Up to 20 research hubs will be set up nationwide as part of a new $249 million research program, which will also see the establishment of up to 50 research training centres for PhD students.
The Industrial Transformation Research Program, announced today by the Federal Government, is a $249 million program aimed at strengthening R&D partnerships between universities and business.
The package consists of three key measures:
- New research hubs, enabling researchers and industry representatives to design and engineer commercially and technically viable solutions to “industrial problems”.
The program will focus on research areas such as engineering, materials science and nanotechnology, communications, chemical engineering and biotechnology.
- New research training centres, providing industrial doctoral and postdoctoral training for up to 600 PhD students each year.
- More than 1,000 engineering cadetships over the next four years, giving students the necessary work experience to kick-start their careers in sectors such as manufacturing.
A spokesperson for the Australian Research Council says the government is already working “shoulder to shoulder” with industries and researchers to encourage and support R&D.
“Australia is endowed with top quality researchers and top quality industry – this new alliance bringing the two together just makes good sense,” the spokesperson says.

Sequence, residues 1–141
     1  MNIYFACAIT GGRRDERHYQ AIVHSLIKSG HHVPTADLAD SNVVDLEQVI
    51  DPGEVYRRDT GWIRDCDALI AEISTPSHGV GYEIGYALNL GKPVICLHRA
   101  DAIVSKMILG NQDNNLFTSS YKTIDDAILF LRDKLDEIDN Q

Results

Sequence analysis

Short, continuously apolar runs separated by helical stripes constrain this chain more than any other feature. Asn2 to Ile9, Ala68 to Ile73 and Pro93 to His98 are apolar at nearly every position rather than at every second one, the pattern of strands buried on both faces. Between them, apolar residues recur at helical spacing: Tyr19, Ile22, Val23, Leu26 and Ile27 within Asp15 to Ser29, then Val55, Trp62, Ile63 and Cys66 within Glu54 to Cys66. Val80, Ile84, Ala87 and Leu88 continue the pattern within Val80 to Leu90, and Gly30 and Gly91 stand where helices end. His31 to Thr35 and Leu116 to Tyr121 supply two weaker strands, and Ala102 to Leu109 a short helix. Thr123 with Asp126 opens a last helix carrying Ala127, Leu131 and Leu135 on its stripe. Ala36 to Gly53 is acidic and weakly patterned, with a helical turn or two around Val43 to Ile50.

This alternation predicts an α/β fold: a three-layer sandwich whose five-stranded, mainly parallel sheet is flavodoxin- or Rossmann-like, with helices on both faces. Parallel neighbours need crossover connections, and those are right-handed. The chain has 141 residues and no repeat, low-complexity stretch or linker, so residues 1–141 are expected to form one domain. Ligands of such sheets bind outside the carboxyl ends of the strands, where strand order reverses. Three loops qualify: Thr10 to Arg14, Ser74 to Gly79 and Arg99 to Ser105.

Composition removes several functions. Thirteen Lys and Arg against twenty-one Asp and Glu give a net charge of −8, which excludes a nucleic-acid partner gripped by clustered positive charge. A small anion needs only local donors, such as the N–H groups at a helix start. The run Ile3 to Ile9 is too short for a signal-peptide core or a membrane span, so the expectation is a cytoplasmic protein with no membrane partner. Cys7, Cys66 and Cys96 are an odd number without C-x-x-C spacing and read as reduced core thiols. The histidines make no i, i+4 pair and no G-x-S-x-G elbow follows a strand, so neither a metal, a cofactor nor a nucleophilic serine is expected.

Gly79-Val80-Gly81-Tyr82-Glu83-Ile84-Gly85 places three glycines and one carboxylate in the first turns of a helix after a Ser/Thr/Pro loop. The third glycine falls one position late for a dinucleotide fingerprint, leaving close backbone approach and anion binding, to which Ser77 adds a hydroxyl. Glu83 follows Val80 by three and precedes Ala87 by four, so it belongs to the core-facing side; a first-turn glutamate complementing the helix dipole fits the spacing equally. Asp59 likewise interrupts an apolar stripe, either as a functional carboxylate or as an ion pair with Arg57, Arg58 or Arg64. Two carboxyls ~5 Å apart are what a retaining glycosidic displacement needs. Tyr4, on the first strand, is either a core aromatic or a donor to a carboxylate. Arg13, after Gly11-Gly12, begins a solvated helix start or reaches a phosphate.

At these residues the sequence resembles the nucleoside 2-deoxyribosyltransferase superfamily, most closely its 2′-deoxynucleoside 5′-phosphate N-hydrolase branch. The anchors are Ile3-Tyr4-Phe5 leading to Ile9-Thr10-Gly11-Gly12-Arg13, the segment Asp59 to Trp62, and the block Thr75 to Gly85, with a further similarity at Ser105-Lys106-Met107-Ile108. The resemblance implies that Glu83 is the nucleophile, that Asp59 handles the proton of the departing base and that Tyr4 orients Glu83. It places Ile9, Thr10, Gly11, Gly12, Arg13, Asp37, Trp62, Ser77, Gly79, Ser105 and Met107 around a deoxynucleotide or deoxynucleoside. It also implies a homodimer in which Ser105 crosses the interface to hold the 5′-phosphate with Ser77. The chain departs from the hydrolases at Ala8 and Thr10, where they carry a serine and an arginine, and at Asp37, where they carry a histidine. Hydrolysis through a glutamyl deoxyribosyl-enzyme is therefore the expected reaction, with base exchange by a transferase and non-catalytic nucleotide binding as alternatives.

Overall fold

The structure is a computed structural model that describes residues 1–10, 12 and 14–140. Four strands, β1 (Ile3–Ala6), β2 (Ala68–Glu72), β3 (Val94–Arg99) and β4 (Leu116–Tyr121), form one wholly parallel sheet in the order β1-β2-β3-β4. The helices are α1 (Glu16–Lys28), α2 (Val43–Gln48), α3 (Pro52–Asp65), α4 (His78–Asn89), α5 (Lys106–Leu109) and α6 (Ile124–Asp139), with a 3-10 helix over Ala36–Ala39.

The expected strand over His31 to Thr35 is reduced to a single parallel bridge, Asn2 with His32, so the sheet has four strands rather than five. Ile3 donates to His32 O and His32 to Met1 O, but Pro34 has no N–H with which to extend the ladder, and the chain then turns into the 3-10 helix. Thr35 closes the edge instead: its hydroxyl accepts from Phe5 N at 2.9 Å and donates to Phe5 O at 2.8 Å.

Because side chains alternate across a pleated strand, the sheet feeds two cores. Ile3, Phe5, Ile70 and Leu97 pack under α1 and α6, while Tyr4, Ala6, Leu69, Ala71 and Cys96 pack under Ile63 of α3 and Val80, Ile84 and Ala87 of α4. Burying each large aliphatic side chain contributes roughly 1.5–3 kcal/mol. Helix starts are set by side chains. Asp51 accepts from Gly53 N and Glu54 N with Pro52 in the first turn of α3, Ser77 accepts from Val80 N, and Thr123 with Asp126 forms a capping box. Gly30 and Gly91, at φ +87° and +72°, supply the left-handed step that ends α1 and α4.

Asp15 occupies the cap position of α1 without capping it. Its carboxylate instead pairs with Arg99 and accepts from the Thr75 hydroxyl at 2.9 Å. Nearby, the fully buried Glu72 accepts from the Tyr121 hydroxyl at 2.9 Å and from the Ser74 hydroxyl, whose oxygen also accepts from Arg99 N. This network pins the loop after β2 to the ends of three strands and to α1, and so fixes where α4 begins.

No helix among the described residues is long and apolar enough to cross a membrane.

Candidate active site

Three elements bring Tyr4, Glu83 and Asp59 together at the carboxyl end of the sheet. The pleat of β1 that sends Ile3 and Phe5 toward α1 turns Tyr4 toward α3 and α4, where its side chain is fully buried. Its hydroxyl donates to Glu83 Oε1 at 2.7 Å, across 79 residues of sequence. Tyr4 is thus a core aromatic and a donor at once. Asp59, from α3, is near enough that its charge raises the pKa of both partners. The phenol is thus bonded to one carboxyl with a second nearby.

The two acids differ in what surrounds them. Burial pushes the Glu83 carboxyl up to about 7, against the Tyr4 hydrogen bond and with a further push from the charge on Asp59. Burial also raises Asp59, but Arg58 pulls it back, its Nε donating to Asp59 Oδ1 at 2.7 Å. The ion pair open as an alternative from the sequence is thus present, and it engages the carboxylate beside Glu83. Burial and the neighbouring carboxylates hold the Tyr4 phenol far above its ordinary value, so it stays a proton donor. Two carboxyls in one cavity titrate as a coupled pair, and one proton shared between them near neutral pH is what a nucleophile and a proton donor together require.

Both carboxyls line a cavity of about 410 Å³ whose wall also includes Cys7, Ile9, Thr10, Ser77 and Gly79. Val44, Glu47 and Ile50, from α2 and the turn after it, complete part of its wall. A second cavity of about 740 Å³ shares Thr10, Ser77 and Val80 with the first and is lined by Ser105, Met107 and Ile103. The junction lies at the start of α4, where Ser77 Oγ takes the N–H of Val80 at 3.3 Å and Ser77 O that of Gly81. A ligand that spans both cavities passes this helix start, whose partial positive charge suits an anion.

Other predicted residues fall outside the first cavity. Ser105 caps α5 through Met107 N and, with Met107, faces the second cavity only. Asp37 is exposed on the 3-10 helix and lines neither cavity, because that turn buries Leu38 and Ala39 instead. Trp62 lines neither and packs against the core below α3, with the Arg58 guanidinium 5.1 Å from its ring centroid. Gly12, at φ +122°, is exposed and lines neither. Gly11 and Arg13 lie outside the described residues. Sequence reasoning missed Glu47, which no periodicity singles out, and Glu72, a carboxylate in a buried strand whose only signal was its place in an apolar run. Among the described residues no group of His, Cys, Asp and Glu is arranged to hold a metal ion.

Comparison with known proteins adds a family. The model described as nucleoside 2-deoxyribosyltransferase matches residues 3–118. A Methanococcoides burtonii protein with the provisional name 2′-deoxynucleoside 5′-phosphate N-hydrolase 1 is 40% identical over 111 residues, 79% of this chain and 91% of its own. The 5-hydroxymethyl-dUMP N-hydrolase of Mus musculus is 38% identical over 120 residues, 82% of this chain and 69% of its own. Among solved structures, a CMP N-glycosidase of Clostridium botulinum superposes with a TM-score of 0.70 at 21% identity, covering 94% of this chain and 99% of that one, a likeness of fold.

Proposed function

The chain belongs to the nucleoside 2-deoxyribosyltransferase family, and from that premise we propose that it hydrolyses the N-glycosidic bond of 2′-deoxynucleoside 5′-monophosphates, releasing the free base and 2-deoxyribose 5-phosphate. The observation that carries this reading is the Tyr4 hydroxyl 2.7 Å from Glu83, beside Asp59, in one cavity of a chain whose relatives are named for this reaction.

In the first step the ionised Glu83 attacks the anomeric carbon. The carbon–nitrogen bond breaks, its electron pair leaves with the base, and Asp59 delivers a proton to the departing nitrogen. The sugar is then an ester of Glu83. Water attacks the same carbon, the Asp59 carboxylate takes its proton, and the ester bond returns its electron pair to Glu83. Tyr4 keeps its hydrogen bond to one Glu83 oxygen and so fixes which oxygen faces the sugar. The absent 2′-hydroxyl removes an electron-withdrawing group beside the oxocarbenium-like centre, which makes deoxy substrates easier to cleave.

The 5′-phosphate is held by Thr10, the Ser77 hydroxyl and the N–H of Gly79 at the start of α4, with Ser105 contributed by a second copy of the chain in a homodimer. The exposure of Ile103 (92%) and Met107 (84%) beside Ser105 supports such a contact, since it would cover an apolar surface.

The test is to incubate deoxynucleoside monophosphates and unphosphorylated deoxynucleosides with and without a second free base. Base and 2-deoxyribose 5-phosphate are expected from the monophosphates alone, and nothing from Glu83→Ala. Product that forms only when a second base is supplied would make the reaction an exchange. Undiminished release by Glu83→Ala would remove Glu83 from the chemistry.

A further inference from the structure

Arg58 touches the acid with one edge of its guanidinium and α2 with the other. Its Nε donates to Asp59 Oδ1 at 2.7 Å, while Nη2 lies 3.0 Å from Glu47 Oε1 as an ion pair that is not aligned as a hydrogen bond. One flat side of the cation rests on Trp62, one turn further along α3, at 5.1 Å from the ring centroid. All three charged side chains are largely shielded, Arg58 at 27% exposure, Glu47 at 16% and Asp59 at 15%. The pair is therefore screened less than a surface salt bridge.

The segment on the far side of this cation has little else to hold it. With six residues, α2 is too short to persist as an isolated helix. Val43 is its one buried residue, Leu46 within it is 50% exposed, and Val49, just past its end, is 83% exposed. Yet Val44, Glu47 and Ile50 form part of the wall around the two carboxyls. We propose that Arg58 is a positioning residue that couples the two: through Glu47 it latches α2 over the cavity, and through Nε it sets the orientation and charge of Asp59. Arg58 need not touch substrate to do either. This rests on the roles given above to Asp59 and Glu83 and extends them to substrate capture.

“Australia’s research effort will be better aligned with the needs of… industry.”
Up to 20 research hubs will be established nationwide with initial funding for up to four years. The government will invest up to $1 million per year in each hub, matched by industry partners.
“These research hubs will encourage R&D projects that could help solve the big problems facing our industries today. Managers, researchers and industry workers will work together.”
“This funding term gives our researchers and industry partners the flexibility to undertake comprehensive research programs… as well as short-term projects.”
Up to 50 training centres will be established nationwide. Around 20 of the centres will include training in social impact, inclusion, and industrial and community transformation.
Up to $1 million per year will be provided for each centre for up to three years. The 50 centres will be selected over a five-year period.
As part of this component, the government will award up to 600 industrial PhDs to embed students in industry settings, directly harnessing research capability to address industry needs.
“These training centres will foster close partnerships between university-based researchers and the industry members who will use the research outcomes.”
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